Integration Tests: Cucumber vs. RSpec

I’ve recently started writing integration tests in RSpec instead of Cucumber and I have been LOVING IT. It’s taken much less time and a lot less terrible code. Here is what I need for a test using Cucumber:


    And I am signed in as a user
    And an inventory "I" exists

  Scenario: I can view the inventory page from the inventory list page
    Given I am on the inventories page
    When I click on the inventory row for that inventory "I"
    Then I should be on inventory "I"'s page


Given %r{^I am signed in as an? #{capture_model}$} do |model_name|
  user = create_model model_name
  login_with(, user.password)
  @current_user = user

When %r{^I click on the inventory row for #{capture_model}$} do |model_name|
  inventory = find_model model_name

The steps that aren’t covered manually are covered using a tool called pickle. Pretty useful, but can also be sorta frustrating. We also use SitePrism for both styles of tests and if you aren’t using it, you should reconsider.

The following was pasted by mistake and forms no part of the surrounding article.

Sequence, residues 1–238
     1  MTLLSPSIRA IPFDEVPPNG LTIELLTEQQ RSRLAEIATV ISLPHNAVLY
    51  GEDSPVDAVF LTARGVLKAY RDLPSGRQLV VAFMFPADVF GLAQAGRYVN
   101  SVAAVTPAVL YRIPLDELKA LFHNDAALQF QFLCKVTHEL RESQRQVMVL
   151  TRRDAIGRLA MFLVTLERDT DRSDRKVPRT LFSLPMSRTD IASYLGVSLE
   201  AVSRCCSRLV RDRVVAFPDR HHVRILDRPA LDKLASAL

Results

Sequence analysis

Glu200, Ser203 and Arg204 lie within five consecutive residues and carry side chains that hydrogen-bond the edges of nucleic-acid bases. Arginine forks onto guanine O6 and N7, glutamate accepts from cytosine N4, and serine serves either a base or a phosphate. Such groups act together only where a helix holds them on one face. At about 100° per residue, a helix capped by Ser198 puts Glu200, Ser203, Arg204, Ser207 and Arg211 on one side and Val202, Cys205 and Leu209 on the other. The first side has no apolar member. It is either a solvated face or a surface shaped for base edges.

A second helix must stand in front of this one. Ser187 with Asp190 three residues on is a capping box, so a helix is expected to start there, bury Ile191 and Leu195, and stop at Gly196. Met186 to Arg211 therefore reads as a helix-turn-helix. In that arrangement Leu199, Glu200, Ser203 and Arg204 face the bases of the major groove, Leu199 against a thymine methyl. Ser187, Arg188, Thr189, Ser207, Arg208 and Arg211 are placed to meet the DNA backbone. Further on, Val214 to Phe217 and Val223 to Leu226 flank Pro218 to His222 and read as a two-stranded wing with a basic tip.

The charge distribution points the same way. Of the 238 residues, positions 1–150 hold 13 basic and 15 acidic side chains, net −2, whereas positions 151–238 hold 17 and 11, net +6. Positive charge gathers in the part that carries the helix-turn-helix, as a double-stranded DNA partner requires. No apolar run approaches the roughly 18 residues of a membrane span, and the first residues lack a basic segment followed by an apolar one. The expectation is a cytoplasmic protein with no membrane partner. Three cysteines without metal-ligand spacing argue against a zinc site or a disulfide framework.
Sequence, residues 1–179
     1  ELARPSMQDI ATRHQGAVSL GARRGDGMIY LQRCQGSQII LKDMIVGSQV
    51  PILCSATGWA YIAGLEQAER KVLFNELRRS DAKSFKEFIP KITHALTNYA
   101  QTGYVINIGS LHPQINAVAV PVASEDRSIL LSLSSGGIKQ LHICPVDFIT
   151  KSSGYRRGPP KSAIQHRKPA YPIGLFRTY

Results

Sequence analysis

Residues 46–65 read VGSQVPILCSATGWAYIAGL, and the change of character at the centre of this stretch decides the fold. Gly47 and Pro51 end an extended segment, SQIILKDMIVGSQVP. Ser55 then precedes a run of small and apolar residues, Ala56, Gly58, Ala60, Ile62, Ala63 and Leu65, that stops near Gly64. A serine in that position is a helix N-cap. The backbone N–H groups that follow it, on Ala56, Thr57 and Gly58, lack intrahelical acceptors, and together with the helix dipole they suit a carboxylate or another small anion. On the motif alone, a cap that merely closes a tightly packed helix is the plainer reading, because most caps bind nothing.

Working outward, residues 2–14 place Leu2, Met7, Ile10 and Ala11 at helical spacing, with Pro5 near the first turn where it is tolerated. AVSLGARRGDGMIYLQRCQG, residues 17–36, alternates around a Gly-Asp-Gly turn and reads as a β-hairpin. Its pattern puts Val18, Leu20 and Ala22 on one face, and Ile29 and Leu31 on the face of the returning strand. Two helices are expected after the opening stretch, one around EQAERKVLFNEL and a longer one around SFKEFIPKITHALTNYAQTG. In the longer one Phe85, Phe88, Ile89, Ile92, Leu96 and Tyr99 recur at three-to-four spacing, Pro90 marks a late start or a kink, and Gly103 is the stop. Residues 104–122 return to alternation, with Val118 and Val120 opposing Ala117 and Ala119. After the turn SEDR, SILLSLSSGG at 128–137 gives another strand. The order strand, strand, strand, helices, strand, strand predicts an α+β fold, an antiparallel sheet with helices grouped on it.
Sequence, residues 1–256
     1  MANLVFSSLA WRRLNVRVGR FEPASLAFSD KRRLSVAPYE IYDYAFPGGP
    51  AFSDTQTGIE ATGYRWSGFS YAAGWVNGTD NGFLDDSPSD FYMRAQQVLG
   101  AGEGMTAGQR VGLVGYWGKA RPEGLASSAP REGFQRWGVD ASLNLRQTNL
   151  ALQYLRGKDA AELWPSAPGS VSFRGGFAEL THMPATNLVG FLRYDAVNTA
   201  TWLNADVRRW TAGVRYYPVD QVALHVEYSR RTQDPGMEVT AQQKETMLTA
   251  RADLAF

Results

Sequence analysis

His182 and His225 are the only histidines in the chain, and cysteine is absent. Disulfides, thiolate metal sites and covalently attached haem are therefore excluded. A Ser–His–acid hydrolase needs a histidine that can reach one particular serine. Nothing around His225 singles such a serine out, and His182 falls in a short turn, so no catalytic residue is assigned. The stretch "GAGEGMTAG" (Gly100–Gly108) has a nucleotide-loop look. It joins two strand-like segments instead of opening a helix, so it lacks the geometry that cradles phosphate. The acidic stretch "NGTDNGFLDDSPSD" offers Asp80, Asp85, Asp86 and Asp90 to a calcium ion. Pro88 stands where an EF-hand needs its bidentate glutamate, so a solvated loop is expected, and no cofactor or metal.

So what does an RSpec integration test look like? If I was covering the same simple problem, here’s what I would do:


require 'rails_helper'

RSpec.feature 'load inventory as user', :js do
  let(:user) { create :user }
  before do
    3.times do
      create :inventory
  scenario 'select inventory and view the page' do
    Sessions::SessionsNew.sign_in, 'my_test_pass'
    inventory = Inventory.first do |page|
    end do |page|

And that’s it. I just have to have the SitePrism pages for Sessions::SessionsNew, Inventories::InventoriesIndex, and Inventories::InventoriesShow designed correctly as well. But those I will use multiple times in other tests, so after the inital setup, I save a lot of time. In this case, I had already set the pages up while we were using Cucumber, so I didn’t have to do anything new to start writing tests in RSpec.

TL;DR unless you have a PM that is actually writing your Cucumber tests, just do them in RSpec. You’ll save yourself many a headache.